One of the most charatteristically Venetian itineraries in the mainland is, beyond a doubt,  the Riviera del Brenta. It is a good way of putting Venice in its historical perspective – showing it is to be more than a unique city which rose up from the lagoon as if by magic –  of seeing the landscape which influenced Venetian culture, and the places where residents of the Serenissima liked to spend idle summers. All this can be appreciated by travelling along the banks of the River Brenta, where the Venetians used to build their holiday villas and palaces.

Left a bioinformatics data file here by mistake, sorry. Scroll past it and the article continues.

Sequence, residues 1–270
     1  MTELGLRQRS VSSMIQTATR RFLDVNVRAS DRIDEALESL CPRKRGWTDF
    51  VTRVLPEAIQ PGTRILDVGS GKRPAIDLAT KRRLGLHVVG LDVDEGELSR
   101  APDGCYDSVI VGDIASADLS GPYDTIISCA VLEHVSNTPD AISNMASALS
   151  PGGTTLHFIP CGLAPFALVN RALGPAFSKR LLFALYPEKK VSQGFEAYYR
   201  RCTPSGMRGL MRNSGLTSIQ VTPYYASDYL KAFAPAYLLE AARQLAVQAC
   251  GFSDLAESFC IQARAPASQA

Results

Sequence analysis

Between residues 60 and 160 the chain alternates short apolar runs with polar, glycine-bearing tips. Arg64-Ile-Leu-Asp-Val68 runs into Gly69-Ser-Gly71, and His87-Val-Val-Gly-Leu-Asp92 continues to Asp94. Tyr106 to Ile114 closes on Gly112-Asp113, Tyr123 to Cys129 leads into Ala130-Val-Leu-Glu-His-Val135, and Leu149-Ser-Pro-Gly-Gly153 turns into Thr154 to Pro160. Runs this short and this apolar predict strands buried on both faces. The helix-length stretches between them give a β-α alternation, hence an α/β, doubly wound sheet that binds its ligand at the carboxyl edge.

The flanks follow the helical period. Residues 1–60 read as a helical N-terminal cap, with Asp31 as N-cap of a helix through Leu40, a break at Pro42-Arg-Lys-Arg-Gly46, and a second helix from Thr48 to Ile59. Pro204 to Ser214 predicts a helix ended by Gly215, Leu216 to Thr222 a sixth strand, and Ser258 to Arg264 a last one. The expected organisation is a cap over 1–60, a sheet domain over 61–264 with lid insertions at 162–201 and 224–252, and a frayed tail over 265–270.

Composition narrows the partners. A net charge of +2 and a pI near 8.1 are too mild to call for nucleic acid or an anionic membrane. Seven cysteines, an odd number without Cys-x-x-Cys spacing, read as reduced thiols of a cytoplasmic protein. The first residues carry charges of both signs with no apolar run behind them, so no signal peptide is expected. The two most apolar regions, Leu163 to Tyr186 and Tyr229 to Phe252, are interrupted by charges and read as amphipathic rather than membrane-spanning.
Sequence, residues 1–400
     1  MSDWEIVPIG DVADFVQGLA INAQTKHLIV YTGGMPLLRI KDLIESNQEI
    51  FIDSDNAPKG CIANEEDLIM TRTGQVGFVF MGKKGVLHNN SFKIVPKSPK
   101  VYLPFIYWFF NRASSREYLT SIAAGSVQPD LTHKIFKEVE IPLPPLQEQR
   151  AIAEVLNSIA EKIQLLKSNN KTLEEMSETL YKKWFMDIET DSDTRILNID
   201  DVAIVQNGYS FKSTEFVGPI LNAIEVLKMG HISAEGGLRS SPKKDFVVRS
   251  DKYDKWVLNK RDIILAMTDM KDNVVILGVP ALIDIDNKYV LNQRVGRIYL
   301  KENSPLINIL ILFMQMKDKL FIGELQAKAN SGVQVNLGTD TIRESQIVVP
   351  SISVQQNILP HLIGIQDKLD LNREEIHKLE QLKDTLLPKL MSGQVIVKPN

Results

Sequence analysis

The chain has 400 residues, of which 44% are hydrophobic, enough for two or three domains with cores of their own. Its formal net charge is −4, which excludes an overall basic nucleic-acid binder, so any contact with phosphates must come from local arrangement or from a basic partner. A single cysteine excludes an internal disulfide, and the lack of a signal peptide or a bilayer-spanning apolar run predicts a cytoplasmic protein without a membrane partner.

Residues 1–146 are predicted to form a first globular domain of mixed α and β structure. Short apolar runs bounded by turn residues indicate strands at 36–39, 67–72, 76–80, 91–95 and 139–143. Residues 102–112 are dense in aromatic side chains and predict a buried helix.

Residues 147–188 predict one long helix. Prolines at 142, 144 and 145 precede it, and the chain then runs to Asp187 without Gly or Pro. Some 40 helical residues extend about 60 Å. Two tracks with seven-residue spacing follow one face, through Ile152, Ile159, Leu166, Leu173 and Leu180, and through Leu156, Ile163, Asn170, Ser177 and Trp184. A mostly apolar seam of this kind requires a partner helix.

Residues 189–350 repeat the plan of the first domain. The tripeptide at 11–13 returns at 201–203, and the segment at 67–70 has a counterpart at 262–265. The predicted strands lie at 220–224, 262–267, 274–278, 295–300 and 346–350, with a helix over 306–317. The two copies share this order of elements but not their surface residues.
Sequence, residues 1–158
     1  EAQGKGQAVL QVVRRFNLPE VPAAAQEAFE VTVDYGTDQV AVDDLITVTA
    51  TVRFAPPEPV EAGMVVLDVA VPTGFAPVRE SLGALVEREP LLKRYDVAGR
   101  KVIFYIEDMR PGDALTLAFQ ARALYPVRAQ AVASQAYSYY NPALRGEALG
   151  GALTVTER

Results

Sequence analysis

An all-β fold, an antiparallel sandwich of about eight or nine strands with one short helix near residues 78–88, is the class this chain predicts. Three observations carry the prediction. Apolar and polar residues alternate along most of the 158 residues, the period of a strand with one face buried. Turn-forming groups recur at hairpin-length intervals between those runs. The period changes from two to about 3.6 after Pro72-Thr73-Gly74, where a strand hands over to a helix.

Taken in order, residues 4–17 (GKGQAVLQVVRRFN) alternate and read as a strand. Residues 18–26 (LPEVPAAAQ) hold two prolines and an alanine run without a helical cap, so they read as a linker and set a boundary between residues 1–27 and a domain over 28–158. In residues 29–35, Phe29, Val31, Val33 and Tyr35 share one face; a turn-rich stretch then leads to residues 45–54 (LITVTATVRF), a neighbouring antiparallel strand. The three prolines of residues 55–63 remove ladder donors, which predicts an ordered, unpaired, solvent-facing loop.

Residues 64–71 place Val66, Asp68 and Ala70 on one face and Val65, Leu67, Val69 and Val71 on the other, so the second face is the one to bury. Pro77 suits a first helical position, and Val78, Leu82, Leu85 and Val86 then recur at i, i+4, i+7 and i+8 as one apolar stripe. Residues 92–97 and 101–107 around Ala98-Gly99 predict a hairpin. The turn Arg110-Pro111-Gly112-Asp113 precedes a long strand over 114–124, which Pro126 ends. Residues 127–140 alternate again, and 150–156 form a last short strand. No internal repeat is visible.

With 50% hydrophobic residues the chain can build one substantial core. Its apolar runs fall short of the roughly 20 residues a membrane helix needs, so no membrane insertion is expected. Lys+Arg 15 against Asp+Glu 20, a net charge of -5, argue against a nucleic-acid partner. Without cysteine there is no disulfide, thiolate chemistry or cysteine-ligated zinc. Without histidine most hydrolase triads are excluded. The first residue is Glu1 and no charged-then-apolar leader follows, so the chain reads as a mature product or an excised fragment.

You first stop at Oriago to look at the villa Malcontenta, the work of Andrea Palladio. During winter closure, Villa could be visited – if possible – only for booked groups of minimum 30 people. At Mira Porte, Villa Foscari-Widman stands on the north bank of the river, and  then you find Barchessa Valmarana. An important monument is Villa Contarini detta dei Leoni, with its two marzocchi (lions bearing the shield) at the riverside entrance. Strà is the seat of the Villa Pisani National Museum in a park of 14 hectares, with splendid works of art, as Gianbattista Tiepolo’s masterpiece, The Glory of the Pisani family, a fresco on the ceiling of the ballroom. In Strà there is another Villa Pisani, known as La Barbariga, a 18th century villa with an English-style garden.